So much for Respecting opposite view points.......... Carry on with your discssions, for I will leave this forum because the idea of respect is foreign to some who post here. Good Luck with your discussions.

125fuzzi
Sep 20, 2012, 8:07pm Top

(119)Tid, it's not a "peculiarly American thing", that's just the way lawecon "stretches"...imho.

I don't understand it either. :)

126nathanielcampbell
Sep 20, 2012, 8:21pm Top

>121 paradoxosalpha:: Even my emoticon smiley face didn't manage to convey the twinkling humor with which my statement was made. I'm sorry that you took it so seriously.

127fuzzi
Sep 20, 2012, 8:48pm Top

I understood you, nathaniel...

128prosfilaes
Sep 20, 2012, 8:51pm Top

#124: I'm not sure what you were expecting. I personally didn't find your writings very respectful, as they showed an unwillingness to engage those responding to you. As per #95, I don't feel like I'm in much of a discussion when you repeat talking points instead of respond to my answers to them.

129lawecon
Sep 20, 2012, 11:57pm Top

~125

Yept, it is a mystery, isn't it fuzzi? (You will note who started the thread I linked to and who authored one of the first posts thereafter.)

130lawecon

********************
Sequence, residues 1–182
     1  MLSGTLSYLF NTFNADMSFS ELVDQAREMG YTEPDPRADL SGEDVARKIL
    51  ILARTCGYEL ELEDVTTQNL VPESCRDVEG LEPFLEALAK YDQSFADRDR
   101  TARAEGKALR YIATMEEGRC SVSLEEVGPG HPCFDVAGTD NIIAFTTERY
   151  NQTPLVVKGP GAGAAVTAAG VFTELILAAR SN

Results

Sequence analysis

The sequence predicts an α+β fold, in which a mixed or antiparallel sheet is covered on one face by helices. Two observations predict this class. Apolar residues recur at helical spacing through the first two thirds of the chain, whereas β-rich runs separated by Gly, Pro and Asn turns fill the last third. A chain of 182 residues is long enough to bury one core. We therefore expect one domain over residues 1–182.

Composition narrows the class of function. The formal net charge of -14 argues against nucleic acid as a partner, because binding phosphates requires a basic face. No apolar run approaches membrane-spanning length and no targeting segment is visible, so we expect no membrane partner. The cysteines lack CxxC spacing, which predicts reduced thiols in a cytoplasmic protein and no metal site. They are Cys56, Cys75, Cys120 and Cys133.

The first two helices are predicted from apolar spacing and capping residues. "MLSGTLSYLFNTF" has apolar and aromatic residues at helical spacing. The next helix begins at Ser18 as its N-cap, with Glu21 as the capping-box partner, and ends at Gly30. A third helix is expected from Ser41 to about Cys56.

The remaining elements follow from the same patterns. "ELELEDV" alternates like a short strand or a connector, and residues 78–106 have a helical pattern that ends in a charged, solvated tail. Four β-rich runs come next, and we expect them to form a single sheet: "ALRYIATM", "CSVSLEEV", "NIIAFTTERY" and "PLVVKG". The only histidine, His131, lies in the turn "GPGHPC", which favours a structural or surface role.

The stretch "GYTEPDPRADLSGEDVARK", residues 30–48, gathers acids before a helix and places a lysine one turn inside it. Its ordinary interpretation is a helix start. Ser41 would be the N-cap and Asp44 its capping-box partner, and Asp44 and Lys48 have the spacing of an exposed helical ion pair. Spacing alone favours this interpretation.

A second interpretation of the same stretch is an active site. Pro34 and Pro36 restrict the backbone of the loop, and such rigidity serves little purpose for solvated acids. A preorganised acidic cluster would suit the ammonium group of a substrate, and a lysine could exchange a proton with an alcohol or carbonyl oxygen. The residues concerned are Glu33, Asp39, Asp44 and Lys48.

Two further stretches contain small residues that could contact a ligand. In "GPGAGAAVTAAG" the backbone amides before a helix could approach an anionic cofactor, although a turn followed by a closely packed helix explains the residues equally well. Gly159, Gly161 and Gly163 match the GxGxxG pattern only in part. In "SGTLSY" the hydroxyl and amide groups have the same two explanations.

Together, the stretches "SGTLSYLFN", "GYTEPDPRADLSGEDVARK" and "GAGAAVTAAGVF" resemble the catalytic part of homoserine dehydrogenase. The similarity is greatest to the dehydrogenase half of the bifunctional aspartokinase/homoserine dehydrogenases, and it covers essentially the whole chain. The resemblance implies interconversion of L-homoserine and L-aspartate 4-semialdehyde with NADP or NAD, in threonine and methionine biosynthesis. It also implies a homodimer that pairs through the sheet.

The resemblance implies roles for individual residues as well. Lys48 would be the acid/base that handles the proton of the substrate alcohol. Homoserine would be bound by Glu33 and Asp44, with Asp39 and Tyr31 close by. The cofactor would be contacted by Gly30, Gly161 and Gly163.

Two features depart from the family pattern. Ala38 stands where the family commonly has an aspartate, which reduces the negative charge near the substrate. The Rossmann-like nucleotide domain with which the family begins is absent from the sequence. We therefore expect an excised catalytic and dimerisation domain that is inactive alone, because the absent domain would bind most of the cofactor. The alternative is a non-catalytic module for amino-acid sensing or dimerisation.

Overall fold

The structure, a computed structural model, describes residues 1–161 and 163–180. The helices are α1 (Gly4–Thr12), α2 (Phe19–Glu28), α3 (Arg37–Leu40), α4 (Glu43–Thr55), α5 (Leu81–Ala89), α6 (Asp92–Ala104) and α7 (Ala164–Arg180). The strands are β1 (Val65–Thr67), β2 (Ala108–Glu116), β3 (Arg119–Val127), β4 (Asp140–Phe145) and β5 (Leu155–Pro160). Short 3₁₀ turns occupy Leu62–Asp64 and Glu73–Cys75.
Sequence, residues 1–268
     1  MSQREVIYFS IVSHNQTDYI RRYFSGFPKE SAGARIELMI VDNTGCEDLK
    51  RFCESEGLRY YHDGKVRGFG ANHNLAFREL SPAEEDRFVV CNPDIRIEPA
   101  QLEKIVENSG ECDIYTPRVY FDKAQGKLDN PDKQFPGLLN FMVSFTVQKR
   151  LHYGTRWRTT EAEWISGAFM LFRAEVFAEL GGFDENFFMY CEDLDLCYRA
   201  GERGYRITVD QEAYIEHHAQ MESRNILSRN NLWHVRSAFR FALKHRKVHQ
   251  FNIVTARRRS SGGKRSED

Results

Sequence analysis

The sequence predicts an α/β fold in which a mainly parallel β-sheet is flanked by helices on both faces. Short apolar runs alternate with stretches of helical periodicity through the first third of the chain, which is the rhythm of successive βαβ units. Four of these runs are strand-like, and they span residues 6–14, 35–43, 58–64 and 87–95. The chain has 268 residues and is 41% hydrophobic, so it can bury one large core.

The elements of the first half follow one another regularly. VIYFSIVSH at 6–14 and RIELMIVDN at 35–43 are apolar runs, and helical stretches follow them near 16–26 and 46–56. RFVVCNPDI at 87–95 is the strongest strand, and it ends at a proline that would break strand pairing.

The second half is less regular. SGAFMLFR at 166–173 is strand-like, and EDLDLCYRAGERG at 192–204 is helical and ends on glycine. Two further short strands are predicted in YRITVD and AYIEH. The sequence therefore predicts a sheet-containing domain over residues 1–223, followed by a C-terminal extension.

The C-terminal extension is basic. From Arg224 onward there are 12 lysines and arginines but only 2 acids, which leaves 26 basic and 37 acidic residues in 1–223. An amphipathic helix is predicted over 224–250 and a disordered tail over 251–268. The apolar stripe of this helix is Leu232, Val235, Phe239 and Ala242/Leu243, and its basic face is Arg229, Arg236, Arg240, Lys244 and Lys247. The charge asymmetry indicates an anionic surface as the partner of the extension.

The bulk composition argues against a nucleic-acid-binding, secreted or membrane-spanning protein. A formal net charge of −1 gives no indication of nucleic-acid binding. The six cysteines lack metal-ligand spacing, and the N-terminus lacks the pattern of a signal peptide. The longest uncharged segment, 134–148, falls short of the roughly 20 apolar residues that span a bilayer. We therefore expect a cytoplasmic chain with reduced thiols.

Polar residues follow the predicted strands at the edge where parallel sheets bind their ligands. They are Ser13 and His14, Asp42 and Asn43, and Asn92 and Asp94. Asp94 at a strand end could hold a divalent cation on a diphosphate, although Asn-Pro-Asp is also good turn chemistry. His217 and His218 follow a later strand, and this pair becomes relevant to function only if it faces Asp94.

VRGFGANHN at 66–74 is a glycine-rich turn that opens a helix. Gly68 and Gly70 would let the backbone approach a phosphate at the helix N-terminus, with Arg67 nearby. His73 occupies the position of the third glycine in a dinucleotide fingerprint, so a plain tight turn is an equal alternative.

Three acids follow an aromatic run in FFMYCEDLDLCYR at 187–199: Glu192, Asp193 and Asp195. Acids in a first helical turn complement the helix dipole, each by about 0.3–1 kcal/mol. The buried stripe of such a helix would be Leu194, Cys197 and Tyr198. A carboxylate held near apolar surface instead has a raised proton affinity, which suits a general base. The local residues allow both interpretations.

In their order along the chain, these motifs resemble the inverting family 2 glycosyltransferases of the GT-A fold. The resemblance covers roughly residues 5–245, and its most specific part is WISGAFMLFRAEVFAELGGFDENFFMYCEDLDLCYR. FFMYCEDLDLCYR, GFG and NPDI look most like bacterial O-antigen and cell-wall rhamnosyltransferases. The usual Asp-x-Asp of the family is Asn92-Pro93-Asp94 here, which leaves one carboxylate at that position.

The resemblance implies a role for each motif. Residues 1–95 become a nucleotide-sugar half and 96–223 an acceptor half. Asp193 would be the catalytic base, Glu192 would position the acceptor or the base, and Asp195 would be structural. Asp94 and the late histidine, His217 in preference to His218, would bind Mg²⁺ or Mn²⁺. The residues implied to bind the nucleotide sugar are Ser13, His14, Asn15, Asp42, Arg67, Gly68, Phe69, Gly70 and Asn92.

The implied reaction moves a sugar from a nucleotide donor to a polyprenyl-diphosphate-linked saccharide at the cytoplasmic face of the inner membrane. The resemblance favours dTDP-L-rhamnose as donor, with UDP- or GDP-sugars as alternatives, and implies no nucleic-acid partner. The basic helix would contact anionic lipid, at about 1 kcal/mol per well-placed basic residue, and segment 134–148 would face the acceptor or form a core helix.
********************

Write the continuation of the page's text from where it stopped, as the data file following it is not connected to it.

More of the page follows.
Sep 20, 2012, 11:58pm Top

~124

That is right, Jane, how disrespectful for anyone to ask you what you meant. How dare they !!!

131Tid
Sep 21, 2012, 5:34pm Top

123

JaneAustinNut HAS spoken for herself, and now left this discussion. All I was doing was pointing out that the words you ascribed to her, she didn't actually say. You now say that you were 'reading between the lines' and interpreting her attitude.

I think if you know someone from other discussions, it's a perfectly valid thing to do (though I'd be very irritated if you did it to me!). But it's still a slightly dangerous game. I think people should on the whole - unless they have a history of dissembling - be judged on what they say, rather than an interpretation of what their words are LIKELY to mean (the sub-text). But as I say, if you know her, then I bow to your superior knowledge.